We all know cooks who can just make things. No script, no measuring, just experience and instinct. As much as that sort of free cooking baffles little ol'
Like many home cooks, my dear friend Lynnelle loves trying new things in the kitchen. In preparation for a Memorial Day picnic several years back, she decided on chicken salad: quick, easy, and portable. Using fresh ingredients she had on hand and her undeniably good palate, she inadvertently created what was (and still remains) the best chicken salad that I have ever had.
Now keep in mind that, having lived in the South for nearly a decade, I have had plenty o' chicken salad. I often saw chicken salad presented by the most proper of Georgia peaches. Down South, chicken salad makes regular appearances at delicate showers, luncheons, and tea parties (yes, grown women still have those, wide-brimmed Sunday hats and all). It's no wonder this dish shows up so frequently; it's simply a classic. But if only those gentile Southerners knew that despite all their hospitality their (*caterers'*) chicken salad had been beat out by sweet ol' Lynnelle's--a Yankee, nonetheless!
After praising Lynnelle to high heaven for her creation, she modestly explained what all she had "thrown" into the salad. Had it not been for my foresight in immediately recording what she said, I may have never been able to recreate it. Thankfully, my scribbled list survives in my binder of recipe favorites, the tried and true stand-bys I wouldn't want to cook without. (Luckily, the scanner didn't pick up all the crumples and stains the paper has accumulated over the years!)
One of the big reasons this chicken salad is a gold standard for me is the fresh herbs. There is just no way of comparing the prepackaged dried herbs with ones freshly snipped. When Lynnelle brought her chicken salad to our picnic, it may have been the first time ever that I had tasted fresh thyme. I had already been converting to fresh herbs by that point, but since then fresh thyme has not left my side! Although I'm a huge fan of fresh parley and basil, the thyme really makes all the difference here. There is just something about those tiny little leaves that go so nicely with chicken. I've since used fresh thyme in my homemade chicken stock and even herbed dumplings. For those of you who haven't worked with fresh thyme before, I caution you that a little goes a long way. Whereas I heap chopped parsley and basil into dishes, I'm a little more conservative when it comes to thyme. As always, try it as you go along to see what quantity of fresh thyme tastes best to you.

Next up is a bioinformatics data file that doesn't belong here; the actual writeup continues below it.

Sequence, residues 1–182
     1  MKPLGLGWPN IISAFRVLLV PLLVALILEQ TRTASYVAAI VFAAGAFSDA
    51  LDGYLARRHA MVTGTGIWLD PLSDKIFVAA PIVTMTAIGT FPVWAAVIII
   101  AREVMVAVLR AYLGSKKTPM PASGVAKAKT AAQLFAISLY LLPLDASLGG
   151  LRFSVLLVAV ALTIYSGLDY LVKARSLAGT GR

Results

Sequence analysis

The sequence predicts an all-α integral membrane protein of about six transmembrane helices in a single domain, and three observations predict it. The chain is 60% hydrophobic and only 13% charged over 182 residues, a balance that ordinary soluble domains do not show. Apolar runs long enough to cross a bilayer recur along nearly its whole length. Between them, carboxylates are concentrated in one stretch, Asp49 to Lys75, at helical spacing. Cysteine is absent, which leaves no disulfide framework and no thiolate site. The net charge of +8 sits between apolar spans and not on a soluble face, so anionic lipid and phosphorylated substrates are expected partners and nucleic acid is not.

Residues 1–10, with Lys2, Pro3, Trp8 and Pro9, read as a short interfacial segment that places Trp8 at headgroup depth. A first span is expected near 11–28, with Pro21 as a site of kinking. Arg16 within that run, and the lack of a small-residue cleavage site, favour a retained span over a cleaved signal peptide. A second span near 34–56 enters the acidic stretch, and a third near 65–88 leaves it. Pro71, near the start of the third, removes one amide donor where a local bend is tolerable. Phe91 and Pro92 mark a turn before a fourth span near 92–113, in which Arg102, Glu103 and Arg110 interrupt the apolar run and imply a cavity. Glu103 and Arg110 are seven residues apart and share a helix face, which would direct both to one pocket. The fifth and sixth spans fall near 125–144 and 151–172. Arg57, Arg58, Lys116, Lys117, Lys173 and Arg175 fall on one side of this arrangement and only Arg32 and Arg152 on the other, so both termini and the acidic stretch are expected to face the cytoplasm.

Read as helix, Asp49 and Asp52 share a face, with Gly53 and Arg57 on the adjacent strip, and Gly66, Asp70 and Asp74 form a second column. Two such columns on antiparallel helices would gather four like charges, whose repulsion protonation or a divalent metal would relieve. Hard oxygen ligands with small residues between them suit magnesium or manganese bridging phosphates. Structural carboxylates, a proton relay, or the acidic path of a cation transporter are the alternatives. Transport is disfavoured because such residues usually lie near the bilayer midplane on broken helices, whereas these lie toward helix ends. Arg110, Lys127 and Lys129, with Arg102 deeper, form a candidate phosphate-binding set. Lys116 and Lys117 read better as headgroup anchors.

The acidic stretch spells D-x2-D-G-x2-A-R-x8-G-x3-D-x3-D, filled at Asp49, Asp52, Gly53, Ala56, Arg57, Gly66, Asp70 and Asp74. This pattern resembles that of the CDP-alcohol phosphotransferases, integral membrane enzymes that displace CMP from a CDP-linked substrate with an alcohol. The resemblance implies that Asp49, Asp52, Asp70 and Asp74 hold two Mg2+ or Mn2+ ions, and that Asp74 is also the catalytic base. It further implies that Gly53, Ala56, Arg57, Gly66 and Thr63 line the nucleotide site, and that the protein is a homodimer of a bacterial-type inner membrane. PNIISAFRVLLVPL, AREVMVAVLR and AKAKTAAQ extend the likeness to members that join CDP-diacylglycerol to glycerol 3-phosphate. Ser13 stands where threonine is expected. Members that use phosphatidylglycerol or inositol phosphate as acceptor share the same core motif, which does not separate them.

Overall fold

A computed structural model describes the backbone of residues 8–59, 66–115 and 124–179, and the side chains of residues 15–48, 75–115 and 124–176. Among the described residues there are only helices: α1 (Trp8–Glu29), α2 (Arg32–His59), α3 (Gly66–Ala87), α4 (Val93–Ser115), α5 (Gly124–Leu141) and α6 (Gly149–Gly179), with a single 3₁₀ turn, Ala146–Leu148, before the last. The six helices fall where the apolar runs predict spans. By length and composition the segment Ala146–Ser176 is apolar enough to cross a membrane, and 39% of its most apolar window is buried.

Likewise, don't overdo the citrus. Start with a half (or even quarter) segment of lime or lemon, and taste from there. You want the fresh citrus juice to compliment the flavors, not overpower them.
While the flavor of Lynnelle's chicken salad is just out of this world, I have to concede that this recipe is especially, well, special since it comes from a close friend. Don't get me wrong--I'm convinced that anyone trying this will not regret it because it tastes that good! (And it makes me chuckle to think of ruffling some Southern feathers along the way.) The thing is there's just something special about hand-me-down recipes from loved ones. Sadly, Lynnelle and I don't live in the same city anymore, and I dearly miss her. Yet every time I open my recipe book, I'm reminded of the Memorial Day picnic, her love for classical music, times we laughed and cried together. Each time I make chicken salad, strange as it may seem, I think of her. After all, it's the emotional connection that keeps so many of us in the kitchen, slavng over that certain dish or craving that certain food. Through cooking, I connect to my loved ones time and time again and keep their memories alive. So it is that I can take Lynnelle with me wherever I move by simply remembering her recipe.
With all that said, I dedicate this post to Lynnelle and the precious baby girl she will soon meet. I wish you both the best, and I know that you will make countless memories together as daughter gleans skill and talent from mommy. And maybe you, too, can make a crack or two about certain geographical regions of the U.S. in the process. My love and prayers are with you!
Lynnelle's Chicken SaladAs with all things, adapt this recipe to your taste. Choose which parts of the chicken to shred based on your preference, breast for white meat or legs for dark. Although Lynnelle sticks to Whole Foods' mayonnaise, I've found for myself that just about any mayo will do--more if you prefer a creamier salad, less if you prefer it drier. The recipe easily doubles by using the remainder of the rotisserie chicken.
2 tablespoons good quality mayonnaise or to taste
1 stalk of celery, diced
2 green onions, chopped
2 to 3 teaspoons minced fresh basil
1 teaspoon minced fresh parsley
1/2 to 1 teaspoon fresh thyme leaves pulled from stem
Dash of prepared horseradish
Squeeze of a fresh lemon or lime, to taste
Salt and pepper to taste
Shred meat from rotisserie chicken until you have about 2 cups of shredded chicken; reserve remaining rotisserie for another use. (The leftover carcass from a rotisserie chickens can be used to make a fantastic homemade chicken stock!)
Place shredded chicken in a large bowl. Fold in mayonnaise until chicken is moist. Fold in next five ingredients (through thyme), mixing until vegetables and herbs are evenly incorporated throughout salad.
Season to taste with horseradish, lime juice, and salt and pepper. Serve immediately or refrigerate up to 2 days in advance. Croissants or crackers and a mixed salad of choice make nice accompaniments. Yield: 4 (approx. 1/2 cup) servings